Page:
Dreams of Beirut

My love for Beirut-much like my love for everything in my life- has strange roots. It is a city that has been in my dreams for over a decade.

sunset over Beirut and Rouche Rocks

2006

The year I started studying at a French speaking University.

The year I started studying Arabic.

The year the war broke out in Lebanon.

corniche around Zaitunay Bay

I remember the television on that day in July, in the University residence where I lived. I watched along with my Lebanese friend as the airport in Beirut was being bombed and destroyed. It was a surreal moment.

I had already decided previously that Beirut-the “Paris of the East”- was the perfect city for me. The famous arial photo of Beirut by Yann Arthus-Bertrand was the screen saver on my computer and no doubt a quote by the famous Lebanese writer and poet, Kahlil Gibran, was my MSN name. My love for Beirut was fuelled by stories from Lebanese and Arab speaking friends who had been there. I loved the Arabic language, I loved the food, I loved every single Lebanese person that I had met.

Mohammad Al-Amin Mosque in downtown Beirut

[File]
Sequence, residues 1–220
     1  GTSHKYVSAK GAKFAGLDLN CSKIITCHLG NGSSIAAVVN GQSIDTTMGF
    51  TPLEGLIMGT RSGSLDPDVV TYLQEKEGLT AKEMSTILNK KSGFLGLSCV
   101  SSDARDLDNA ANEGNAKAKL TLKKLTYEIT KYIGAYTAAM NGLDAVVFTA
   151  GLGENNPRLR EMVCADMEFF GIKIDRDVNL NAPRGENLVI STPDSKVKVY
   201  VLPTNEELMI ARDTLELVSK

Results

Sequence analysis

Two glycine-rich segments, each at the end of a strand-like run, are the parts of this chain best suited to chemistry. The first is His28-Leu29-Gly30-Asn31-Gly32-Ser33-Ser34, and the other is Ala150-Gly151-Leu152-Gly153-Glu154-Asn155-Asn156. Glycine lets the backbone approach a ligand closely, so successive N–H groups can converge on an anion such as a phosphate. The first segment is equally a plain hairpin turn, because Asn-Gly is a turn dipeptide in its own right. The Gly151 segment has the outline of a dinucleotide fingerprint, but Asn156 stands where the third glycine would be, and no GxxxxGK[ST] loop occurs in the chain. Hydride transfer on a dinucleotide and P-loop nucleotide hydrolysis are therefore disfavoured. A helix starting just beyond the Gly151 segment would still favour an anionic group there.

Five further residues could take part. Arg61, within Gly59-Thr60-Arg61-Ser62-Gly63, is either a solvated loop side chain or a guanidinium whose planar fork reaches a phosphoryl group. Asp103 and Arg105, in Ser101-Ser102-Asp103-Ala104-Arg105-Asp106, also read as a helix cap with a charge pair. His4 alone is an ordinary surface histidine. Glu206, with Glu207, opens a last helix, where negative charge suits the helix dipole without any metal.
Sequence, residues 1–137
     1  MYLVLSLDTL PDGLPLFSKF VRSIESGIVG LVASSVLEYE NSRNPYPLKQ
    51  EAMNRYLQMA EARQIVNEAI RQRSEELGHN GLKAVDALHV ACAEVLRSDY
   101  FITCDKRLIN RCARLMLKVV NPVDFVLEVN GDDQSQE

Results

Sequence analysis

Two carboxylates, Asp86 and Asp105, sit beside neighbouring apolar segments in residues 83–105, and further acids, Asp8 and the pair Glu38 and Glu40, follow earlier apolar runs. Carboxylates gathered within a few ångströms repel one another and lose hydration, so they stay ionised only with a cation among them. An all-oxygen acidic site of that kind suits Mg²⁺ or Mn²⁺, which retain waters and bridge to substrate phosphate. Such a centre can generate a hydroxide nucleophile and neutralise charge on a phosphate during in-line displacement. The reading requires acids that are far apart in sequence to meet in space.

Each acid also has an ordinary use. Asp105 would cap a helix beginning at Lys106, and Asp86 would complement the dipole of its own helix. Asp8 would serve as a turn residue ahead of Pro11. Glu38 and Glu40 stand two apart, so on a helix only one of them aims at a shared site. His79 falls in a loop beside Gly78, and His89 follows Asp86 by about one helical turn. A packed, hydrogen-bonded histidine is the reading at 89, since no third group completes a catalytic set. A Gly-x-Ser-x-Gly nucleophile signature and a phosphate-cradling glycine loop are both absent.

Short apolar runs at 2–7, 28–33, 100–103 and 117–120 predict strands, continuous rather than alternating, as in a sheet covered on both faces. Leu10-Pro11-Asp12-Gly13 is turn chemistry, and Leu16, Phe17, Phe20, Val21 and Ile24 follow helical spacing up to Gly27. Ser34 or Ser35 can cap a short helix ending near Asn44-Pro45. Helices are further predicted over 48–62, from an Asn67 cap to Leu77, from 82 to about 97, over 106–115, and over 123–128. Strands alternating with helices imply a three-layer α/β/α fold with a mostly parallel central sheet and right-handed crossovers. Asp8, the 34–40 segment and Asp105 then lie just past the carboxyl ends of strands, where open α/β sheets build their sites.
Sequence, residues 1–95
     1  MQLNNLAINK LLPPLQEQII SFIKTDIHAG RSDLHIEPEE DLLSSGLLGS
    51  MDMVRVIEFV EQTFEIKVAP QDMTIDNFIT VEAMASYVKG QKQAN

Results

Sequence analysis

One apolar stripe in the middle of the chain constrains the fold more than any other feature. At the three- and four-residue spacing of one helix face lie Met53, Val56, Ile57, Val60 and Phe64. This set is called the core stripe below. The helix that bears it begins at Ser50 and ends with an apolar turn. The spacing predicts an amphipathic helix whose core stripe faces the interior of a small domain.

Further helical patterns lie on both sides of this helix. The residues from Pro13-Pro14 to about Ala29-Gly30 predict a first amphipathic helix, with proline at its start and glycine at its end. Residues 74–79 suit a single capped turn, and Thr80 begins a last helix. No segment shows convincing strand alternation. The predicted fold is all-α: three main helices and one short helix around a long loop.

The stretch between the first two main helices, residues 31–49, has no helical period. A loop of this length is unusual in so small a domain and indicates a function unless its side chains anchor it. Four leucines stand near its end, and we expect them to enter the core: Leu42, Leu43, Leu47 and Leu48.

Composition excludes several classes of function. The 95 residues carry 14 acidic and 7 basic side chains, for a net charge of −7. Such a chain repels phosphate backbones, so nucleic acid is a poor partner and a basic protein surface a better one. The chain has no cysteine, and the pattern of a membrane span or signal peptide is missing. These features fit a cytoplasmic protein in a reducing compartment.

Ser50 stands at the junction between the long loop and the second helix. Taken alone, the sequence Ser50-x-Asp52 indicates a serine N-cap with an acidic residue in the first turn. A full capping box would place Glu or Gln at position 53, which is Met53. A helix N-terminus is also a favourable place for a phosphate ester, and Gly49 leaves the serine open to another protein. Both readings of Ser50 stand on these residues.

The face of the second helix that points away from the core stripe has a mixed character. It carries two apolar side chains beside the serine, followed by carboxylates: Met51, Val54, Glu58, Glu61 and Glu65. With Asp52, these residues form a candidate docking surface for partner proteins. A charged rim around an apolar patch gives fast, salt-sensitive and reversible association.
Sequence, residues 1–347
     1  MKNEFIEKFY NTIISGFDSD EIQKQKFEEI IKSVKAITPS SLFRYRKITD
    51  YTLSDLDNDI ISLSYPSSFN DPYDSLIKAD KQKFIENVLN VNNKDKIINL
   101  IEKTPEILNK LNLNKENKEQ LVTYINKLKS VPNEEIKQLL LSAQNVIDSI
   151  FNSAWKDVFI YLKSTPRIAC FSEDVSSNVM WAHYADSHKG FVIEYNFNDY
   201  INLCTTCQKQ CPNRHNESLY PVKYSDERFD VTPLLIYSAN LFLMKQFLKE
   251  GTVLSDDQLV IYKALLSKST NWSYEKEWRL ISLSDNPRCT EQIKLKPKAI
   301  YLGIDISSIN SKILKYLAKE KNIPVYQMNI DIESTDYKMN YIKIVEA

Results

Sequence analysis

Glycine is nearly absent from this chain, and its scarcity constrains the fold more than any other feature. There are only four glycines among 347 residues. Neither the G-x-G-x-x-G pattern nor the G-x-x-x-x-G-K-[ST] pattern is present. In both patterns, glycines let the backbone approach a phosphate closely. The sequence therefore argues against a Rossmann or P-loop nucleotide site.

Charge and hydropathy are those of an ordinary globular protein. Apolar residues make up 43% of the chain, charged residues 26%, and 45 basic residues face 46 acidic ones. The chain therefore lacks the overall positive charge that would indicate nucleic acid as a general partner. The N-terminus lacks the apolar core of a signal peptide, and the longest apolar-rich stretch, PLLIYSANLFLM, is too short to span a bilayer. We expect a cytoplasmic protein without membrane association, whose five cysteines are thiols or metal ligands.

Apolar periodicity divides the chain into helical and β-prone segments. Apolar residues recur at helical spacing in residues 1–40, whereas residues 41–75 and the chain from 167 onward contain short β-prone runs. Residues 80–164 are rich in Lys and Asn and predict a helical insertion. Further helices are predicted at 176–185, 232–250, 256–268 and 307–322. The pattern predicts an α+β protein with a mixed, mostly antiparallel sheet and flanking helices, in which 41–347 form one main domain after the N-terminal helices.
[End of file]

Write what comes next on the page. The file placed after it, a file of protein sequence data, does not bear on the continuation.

I remember clearly on that day in July coming to the realization that a Canadian could never understand what it feels like to grow up in a city like Beirut. A city where the future of the next 24 hours was never certain.

But it was the very circumstances of living in a city like this that gives the people their unique character.

Nijmeh Square in downtown Beirut

I have never met a people so resigned to the disappointments of life.

I have never met a people so ready to party.

view on the sea from the corniche

ย Time moved on

Every year was a year I could have went, but didn’t.

Wars broke out.

in Lebanon and surrounding areas.

Violence.

And the city still stood.

Waiting for me to come.

Beirut Souks

There is a beautiful quote about Beirut by Lebanese-American writer Rabih Alameddine in his book “An Unnecessary Woman.” He writes:

โ€œBeirut is the Elizabeth Taylor of cities: insane, beautiful, falling apart, aging, and forever drama laden. She’ll also marry any infatuated suitor who promises to make her life more comfortable, no matter how inappropriate he is.โ€

A city waiting to be saved.

What woman can’t relate?

Riviera Hotel Beirut

I am happy I am here.

Walking through the streets, I feel everything I wanted to feel and more.

I love the new shiny skyscrapers standing tall beside the shaken rubble,

and the almost lost, yet still standing torn up apartment buildings.

The city is broken and beautiful and still standing so strong.

Much like me.

baklava at Taj Al Moulouk

Oh and the Baklava.

The Baklava is delicious.

 

8 comments on “Dreams of Beirut”

  1. Imran Reply

    Before your Instagram story I would never have considered Beirut a destination for my next family holiday. But the beauty of this city shines through your photos and your posts and I’m seriously considering to take my wife and two daughters there, maybe even in the next few weeks.

    Thank you for opening my eyes to these hidden wonders.

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